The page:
Swan sums up bad posture as the moment when "certain muscles shorten, while others lengthen and become weak." When you're hunched over, whether you're sitting or standing, your spine isn't a straight line "from hips to shoulders," she tells Elite Daily. And when your spine is arched for long periods of time, it's really only a matter of time before your back starts to ache.
"Pull your shoulders down and back, relax your neck, engage your abs," Swan suggests, adding that it's important to pay close attention to core work and flexibility by regularly doing exercises like superman lifts, rows, lat pull-downs, and planks.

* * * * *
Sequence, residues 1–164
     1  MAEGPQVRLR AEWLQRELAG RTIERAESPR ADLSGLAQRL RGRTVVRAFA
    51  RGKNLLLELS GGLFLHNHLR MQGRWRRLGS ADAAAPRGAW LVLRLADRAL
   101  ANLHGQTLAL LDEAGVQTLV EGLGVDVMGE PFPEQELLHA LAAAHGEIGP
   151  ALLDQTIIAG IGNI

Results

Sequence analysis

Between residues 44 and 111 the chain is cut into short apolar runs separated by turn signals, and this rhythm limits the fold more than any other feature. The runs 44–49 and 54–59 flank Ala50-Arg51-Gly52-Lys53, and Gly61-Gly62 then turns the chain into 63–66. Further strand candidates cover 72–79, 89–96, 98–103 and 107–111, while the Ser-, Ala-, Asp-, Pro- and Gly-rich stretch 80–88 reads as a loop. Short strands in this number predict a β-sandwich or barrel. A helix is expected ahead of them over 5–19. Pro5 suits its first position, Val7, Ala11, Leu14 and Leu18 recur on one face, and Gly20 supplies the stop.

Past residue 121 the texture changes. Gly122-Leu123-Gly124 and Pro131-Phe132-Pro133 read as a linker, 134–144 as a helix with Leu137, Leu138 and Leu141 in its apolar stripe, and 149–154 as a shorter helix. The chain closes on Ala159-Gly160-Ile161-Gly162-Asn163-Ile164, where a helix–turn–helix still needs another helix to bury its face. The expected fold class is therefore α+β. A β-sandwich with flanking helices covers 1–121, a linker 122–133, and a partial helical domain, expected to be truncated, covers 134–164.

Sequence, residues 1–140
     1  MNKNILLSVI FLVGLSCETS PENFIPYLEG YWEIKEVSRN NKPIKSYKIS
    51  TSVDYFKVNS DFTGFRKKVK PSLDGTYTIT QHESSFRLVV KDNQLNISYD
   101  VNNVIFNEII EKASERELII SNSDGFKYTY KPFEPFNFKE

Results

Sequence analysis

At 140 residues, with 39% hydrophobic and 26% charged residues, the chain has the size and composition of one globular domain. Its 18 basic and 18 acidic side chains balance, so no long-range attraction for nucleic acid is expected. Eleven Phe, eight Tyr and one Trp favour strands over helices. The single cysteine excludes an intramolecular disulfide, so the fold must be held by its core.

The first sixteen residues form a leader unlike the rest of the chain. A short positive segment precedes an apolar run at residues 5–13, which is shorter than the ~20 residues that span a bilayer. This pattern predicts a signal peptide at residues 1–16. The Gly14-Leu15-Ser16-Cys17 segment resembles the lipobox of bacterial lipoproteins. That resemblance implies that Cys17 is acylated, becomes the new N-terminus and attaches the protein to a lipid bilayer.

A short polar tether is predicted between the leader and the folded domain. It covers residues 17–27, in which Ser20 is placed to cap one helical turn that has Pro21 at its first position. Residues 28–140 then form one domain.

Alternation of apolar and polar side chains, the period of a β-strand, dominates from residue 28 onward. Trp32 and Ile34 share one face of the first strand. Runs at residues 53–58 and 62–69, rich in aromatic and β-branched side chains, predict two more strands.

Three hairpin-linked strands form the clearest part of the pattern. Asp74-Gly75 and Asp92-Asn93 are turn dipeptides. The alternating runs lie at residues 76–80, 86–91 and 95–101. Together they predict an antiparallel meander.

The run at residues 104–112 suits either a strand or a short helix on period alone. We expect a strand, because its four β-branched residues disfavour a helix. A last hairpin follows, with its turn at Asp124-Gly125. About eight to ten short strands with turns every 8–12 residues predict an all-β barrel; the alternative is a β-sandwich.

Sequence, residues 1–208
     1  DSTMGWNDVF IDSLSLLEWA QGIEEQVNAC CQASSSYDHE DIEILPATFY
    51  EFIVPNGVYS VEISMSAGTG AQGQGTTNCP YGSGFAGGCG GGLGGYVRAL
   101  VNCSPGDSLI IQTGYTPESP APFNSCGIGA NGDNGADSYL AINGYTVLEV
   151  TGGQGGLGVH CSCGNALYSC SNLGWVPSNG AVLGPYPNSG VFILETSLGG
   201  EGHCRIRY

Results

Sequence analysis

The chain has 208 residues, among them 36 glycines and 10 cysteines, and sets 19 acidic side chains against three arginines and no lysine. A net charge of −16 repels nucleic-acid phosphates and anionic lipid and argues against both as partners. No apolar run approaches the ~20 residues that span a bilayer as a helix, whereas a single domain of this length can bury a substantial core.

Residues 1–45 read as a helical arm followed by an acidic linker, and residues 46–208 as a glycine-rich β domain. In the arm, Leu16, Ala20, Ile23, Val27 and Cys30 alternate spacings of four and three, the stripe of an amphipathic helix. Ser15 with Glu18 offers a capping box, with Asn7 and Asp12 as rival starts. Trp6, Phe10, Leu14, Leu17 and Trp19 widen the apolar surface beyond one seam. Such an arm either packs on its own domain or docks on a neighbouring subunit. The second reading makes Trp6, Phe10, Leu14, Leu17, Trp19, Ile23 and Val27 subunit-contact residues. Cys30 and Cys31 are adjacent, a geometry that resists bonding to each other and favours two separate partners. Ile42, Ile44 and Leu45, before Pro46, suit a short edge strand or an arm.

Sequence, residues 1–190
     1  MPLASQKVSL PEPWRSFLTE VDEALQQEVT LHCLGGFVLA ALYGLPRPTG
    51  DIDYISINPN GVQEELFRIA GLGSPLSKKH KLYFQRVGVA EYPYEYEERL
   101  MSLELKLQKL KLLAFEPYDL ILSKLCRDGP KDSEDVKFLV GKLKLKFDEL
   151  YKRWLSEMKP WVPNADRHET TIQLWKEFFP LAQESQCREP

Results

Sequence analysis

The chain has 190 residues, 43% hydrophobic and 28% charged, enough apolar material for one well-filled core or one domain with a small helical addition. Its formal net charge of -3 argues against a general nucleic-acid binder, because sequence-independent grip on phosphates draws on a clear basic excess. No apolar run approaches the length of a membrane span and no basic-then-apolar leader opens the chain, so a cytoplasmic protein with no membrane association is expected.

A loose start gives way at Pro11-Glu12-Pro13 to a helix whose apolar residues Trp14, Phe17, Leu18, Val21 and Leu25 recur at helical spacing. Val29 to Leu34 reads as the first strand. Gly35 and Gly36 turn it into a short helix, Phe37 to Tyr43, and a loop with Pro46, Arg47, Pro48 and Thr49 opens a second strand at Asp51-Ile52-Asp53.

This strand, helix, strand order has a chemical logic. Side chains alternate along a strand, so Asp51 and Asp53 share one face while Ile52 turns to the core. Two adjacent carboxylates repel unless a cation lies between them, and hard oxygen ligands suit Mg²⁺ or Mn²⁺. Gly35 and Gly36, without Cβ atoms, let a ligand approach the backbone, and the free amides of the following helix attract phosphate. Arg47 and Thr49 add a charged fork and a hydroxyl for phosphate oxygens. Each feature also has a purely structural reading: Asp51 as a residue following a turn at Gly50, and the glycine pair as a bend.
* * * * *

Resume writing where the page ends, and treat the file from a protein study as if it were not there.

"I’m not saying you need to do the splits, but being mobile and flexible will help with your overall posture and well being," Swan says.
Your Neck Won't Feel So Great, Either
More often than not these days, I'm willing to bet, for many people, bad posture is a result of looking down at, you guessed it, smartphones. If you think curving your back in all the wrong ways can be painful, just think about how your neck feels. As far as Frank Hoeffner, PT, DPT, of Professional Physical Therapy, is concerned, neck pain is just as common an issue as back pain as a result of bad posture — so where do you go from there?